This is a bit old, from October 2015; been meaning to post it for awhile but kept getting hung up in the morass that is video file format conversion. There a bonus for my relatives at the very end. Every year at the end of the growing season we let our goats into our garden beds to clean out the spent plants. They enjoy the dietary change of pace, and we enjoy watching the free labor.

Pool Noodles for Head Safety! (However…)

One consequence of our having poured a concrete floor in our old basement is that the old, rusty I-beam (that was added at some point to help stabilize the bounciness of the upstairs floor) is now 5′ 9″ off the floor. I am taller than that. So I had this idea to buy pool noodles, cut a slit lengthwise, and, voilà! Head safety.

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When I first bought the noodles at the local Family Dollar, I only bought enough for the main basement. When I went back to get some for the smaller cellar, they were sold out. Not to worry, I went to the Dollar General a minute away on the edge of town. They had them. And now, a PSA for those of you in the market for dollar store pool noodles: Family Dollar pool noodles are superior to Dollar General pool noodles in every possible way: they are thicker, denser, longer, and made in the USA (DG’s are from Canada). Same price, of course: $1.

On a less lighthearted note, it turns out that head safety was the least of my worries. (In the journalism business they call this burying the lede.) Yesterday, while using my table saw to cut pieces for our addition ramp guardrail, my hand slipped and the tip of my thumb grazed the blade. In over 35 years of woodworking this was my first trip to the ER. I will spare you the gruesome details, suffice it to say that my left thumb is now a wee bit shorter and sans thumbnail. It took two hours and nine stitches. The pharmaceuticals are doing their job so it does not feel too bad at the moment. The official diagnosis, on the other hand, sounds rather dire:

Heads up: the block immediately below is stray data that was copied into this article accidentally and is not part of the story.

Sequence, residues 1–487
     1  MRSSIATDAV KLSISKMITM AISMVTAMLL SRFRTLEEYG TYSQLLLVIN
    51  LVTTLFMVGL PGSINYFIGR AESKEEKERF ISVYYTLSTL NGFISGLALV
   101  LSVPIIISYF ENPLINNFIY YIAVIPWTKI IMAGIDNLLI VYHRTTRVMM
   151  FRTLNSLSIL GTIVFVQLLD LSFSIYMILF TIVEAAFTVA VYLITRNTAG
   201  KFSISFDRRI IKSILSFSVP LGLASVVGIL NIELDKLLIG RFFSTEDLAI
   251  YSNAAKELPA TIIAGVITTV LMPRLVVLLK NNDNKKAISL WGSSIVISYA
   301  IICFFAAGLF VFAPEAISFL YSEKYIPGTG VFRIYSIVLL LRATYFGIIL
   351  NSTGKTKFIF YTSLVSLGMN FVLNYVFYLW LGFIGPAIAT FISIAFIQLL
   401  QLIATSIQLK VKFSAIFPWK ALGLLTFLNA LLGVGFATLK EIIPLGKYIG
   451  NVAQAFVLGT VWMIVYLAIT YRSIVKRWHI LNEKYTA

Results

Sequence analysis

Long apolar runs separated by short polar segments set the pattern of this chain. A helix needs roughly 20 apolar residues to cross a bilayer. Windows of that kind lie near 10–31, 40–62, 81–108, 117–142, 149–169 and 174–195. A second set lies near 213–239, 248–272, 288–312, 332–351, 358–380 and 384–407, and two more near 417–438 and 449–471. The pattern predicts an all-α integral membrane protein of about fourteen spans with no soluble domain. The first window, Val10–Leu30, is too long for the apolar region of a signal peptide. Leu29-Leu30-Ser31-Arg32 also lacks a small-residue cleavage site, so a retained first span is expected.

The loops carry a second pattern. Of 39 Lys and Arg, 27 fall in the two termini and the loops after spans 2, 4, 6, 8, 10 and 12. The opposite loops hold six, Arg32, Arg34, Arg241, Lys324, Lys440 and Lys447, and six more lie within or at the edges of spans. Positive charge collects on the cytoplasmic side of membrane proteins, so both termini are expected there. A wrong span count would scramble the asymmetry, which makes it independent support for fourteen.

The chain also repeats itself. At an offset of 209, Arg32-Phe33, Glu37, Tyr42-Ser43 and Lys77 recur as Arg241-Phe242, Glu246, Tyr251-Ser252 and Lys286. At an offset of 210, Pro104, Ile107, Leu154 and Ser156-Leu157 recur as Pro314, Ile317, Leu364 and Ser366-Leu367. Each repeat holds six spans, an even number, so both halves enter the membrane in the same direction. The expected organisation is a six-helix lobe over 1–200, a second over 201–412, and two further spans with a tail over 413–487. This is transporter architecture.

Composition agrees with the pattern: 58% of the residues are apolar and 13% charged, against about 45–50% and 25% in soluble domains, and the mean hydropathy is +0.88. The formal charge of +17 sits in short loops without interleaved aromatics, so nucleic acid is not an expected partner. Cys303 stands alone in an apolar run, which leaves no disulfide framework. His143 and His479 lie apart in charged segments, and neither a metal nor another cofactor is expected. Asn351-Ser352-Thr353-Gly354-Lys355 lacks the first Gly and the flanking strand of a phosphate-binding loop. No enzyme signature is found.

2017 ICD-10-CM Diagnosis Code S68.022A
Mr. Google tells me that this is diagnosis code S68.022A in the current, and quite comprehensive, ICD-10.

Honey Bees

10 days ago we had honey bees swarming in our front yard. Quite the sight!

They coalesced into a bowling-ball sized swarm in a boxwood next to our driveway.2017-May-bee-swarm

This is at least the 4th time this has happened over the years. We used to have them living in our bedroom wall and in 2006 we captured a swarm into a beehive. They did not stay around very long, though. We still have the hive components, so we decided to give it a go again.

The next morning the swarm was still in the boxwood. It was chilly and rainy so we knew they might not survive long — bees cannot fly in the rain and trying to stay warm in the rain would sap all their energy. We snipped the branch with the swarm and dropped it into the beehive we had set up in the driveway. Unfortunately, a clump of bees dropped offduring the transfer. The next morning the uncaptured bees had reswarmed so we repeated the drill and then had most of them in the beehive. We left them there for about a week; once it got warm and sunny they became, well, busy as bees, collecting nectar to centerd out their new home. Yesterday morning was quite cool, so we took advantage of the resulting bee lethargy to move the beehive to a more suitable location.
2017-May-beehive

This location is not ideal, a bit close to the road, but it gets morning sun to wake the bees up but by afternoon the maple tree shades it to help prevent overheating.

We are not too stupid, though, so despite the coolth we did use a smoker when we opened the hive to put in a sugar-water feeder. Upon moving a hive you are supposed to keep the bees confined for several days, but today is forecast to be 90° and we don’t want them overheating, so we opened it up this morning. Hopefully they will not get too confused at their new location.

Addition Solar Heating Update

Well, it’s been 3 weeks since we got our solar water heating system up and running in our new addition. First off, it definitely works — Yay! But it is also definitely a complicated setup.

I have been testing and tweaking the various controller settings. The system manual, as so many are, is very poorly written. Here is a fine example, as no doubt translated from the original Chinese: